Sep 30, 2015
UTL researcher Ali Fard, in collaboration with our colleague, GSD DDes candidate Taraneh Meshkani, recently launched their new co-edited volume, New Geographies 07: Geographies of Information, in a lively gathering at the Loeb Library, Harvard GSD. Continuing the long tradition of cutting-edge research at the intersection between geography and design in the ongoing New Geographies project, this volume aims to explore and elaborate the spatial grounding of contemporary information and communication networks. It argues, in particular, that new information and communications technologies (ICTs) exert a critical influence on the ongoing process of urbanization, in a wide range of settings and across multiple spatial scales. The contributors to the volume examine the forms, imprints, places, and territories of ICTs through spatially grounded and nuanced investigations of diverse conditions in both advanced and emerging economies. The volume is now available for purchase through Harvard University Press and popular vendors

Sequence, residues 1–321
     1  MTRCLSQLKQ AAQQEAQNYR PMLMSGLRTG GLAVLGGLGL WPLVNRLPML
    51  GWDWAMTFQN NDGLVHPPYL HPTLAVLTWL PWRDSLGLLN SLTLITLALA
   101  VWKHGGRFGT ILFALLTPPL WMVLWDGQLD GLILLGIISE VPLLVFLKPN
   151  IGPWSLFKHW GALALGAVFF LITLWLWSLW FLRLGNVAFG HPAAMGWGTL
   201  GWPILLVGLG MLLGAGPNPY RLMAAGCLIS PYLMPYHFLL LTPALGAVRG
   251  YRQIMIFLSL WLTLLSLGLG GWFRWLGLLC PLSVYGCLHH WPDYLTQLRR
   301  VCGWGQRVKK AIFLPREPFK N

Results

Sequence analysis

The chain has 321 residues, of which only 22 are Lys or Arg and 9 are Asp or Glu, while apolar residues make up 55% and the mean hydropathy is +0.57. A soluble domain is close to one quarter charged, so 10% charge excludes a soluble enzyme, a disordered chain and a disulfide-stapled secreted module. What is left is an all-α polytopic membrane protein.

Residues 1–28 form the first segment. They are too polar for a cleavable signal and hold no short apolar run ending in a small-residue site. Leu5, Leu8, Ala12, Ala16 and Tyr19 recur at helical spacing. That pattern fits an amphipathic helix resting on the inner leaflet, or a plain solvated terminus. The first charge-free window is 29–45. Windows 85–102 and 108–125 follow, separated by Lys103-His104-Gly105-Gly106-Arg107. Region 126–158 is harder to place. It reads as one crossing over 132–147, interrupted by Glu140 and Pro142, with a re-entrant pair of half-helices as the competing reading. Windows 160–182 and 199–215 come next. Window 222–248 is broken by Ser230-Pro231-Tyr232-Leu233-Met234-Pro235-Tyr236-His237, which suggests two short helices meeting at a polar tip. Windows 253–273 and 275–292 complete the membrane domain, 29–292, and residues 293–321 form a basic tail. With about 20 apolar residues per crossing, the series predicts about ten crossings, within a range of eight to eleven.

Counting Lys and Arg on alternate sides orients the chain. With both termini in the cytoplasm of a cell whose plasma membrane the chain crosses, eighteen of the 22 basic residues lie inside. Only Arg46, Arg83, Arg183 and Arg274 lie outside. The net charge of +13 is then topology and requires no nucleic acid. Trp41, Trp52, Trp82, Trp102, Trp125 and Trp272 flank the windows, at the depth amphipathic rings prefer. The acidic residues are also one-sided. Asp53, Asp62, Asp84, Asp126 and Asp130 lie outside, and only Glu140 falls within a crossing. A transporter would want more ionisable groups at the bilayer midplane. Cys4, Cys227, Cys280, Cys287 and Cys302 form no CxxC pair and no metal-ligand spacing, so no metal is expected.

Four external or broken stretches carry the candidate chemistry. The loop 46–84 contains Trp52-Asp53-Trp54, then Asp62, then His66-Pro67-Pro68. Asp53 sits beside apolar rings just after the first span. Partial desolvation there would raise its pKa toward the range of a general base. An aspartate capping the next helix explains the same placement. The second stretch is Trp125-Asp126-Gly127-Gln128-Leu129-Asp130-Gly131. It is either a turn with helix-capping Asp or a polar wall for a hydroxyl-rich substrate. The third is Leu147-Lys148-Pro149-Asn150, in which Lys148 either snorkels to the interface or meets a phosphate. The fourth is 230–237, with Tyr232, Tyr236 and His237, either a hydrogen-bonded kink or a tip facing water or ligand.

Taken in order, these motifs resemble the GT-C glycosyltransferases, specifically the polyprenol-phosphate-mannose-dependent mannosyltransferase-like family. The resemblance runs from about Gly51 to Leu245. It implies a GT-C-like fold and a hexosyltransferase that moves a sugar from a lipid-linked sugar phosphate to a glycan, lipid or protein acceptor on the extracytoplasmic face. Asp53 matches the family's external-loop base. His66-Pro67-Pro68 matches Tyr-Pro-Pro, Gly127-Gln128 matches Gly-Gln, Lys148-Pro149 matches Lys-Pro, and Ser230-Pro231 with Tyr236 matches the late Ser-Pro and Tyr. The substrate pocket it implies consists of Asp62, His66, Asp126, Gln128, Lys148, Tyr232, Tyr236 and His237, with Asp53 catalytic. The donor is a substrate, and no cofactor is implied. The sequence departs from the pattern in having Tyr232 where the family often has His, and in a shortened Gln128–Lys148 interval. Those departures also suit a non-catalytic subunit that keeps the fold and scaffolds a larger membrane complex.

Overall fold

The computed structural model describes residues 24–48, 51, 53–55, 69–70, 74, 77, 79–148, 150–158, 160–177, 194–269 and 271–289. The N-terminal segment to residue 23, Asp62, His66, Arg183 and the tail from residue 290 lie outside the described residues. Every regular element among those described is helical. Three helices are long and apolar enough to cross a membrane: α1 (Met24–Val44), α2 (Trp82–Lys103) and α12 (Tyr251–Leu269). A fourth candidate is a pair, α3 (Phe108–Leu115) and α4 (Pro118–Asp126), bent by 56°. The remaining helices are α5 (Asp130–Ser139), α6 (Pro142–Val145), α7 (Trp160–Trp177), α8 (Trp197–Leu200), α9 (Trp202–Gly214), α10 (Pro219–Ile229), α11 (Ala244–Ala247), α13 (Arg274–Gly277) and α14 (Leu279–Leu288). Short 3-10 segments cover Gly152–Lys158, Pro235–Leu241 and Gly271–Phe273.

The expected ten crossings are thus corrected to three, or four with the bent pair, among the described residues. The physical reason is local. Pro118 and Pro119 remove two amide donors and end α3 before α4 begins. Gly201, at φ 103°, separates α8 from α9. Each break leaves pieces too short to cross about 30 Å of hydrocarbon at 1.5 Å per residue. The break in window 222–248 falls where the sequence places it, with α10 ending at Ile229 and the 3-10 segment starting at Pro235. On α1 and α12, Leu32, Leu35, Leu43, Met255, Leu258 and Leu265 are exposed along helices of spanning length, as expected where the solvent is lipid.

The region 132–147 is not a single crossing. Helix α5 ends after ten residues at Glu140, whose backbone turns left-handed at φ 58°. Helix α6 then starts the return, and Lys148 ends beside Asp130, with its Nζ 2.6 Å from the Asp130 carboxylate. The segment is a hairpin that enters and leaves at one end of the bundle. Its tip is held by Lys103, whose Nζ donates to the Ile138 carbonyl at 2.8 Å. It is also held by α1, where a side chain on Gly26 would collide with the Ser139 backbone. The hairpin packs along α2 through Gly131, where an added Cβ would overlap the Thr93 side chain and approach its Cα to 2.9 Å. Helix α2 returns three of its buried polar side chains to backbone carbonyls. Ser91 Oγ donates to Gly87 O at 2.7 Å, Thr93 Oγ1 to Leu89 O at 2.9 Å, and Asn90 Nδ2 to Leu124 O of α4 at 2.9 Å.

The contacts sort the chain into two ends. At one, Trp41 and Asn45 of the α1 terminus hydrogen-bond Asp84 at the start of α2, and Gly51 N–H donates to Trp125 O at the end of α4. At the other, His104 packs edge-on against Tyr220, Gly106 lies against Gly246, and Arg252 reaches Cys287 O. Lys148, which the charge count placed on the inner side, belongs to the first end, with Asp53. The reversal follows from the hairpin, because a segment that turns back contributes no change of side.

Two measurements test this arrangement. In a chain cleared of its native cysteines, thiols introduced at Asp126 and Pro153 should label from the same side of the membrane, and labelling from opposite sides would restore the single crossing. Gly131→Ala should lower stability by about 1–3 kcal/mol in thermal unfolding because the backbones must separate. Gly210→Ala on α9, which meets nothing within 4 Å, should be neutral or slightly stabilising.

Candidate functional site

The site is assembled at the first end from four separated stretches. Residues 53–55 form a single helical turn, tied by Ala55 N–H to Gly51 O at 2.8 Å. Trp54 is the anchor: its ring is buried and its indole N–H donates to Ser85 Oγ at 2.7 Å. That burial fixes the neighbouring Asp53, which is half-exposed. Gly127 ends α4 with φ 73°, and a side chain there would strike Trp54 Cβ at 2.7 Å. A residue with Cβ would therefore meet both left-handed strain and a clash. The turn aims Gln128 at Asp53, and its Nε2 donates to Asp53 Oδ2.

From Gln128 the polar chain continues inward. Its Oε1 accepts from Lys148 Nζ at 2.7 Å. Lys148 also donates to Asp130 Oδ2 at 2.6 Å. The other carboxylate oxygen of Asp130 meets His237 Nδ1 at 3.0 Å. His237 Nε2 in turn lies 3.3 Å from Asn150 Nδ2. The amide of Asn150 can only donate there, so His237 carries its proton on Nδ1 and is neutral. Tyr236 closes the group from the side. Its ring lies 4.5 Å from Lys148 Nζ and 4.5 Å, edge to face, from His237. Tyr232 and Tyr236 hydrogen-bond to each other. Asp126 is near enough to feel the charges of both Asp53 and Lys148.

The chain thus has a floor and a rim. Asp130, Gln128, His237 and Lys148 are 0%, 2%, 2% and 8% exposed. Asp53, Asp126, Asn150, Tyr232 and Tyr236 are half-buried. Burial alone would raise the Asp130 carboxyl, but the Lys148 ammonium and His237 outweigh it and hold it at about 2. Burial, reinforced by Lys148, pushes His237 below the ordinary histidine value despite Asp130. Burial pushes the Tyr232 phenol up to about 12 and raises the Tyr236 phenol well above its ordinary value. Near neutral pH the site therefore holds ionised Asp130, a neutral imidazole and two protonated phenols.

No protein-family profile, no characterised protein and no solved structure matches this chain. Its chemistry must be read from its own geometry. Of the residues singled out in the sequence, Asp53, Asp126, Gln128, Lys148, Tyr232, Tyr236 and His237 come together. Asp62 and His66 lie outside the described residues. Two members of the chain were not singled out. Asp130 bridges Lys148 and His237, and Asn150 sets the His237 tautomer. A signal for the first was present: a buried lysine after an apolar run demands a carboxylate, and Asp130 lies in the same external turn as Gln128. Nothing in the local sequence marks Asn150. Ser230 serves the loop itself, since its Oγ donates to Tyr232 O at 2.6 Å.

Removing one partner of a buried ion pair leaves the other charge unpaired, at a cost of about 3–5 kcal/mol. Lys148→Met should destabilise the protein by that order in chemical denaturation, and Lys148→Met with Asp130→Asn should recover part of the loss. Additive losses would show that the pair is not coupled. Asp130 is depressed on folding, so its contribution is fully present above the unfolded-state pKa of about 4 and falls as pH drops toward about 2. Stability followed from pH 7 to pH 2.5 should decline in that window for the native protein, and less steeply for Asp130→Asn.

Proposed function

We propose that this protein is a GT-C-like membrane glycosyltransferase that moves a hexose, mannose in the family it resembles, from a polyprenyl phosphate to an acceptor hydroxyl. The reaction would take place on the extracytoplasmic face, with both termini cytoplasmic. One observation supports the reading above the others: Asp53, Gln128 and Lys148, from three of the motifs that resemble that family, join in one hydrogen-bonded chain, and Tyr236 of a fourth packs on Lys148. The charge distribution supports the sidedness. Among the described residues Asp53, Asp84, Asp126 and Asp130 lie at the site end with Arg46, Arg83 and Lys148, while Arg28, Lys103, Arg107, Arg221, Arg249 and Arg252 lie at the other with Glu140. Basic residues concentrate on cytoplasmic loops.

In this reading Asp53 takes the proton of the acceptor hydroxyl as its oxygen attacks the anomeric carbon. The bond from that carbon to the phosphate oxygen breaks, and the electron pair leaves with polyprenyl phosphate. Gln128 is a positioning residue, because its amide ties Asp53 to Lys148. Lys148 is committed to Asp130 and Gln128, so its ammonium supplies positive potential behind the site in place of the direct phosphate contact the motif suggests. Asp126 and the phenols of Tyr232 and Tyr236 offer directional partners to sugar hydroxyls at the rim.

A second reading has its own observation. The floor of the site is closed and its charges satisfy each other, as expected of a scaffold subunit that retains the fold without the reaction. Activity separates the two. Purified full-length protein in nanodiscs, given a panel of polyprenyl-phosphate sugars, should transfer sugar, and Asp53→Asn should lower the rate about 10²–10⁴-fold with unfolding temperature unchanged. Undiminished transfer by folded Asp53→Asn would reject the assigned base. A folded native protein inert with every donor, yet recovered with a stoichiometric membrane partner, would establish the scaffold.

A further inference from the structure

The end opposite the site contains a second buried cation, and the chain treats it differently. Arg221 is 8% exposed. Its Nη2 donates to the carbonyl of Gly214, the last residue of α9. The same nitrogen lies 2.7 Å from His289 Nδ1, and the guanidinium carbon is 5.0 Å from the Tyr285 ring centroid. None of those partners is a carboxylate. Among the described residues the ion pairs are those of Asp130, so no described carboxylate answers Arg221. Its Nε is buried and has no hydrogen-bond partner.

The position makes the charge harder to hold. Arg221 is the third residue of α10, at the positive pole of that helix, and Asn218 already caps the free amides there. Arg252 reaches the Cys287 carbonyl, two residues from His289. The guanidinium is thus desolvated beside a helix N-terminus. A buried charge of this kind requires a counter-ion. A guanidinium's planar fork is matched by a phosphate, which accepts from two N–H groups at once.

Aug 10, 2017
Ways of Wood: Expressing Material Flows is one of the four installations of the Boston Design Biennial 2017 exhibited now at the Rose Fitzgerald Kennedy Rose Greenway in downtown Boston. This design installation has been designed and fabricated by a team lead by UTL researcher Daniel Ibañez of Margen-Lab.
Resembling images of logs floated from forests to sawmills, Ways of Wood aims to create a link with North American landscapes of industrial extraction. The nine logs gradually transform across their length into contemporary interpretations of these raw natural materials, here shaped via computer numerical control (CNC) milling. Inspired by the social sculpture of Joseph Beuys and the site-specific land art pieces of Andy Goldsworthy, Ways of Wood explicitly visualizes the connection between contemporary design concerns and the processes of material sourcing through its formal and material configuration. Avoiding the association that wood is a generic and uniform material the installation also brings together diverse regional wood species, supporting the specificities and ecological diversity each and one of them entail.
Wood is one of many material flows necessary to sustain urban life. Typically black-boxed and commodified, the material is often detached from any connection to the landscapes, processes, and people fundamental to its genesis. While the project creates a public space for sitting or socializing, it also attempts to create a territorial re-connection between the sites of material circulation and extraction and the experience of the city, and between vernacular material sources and advanced digital design.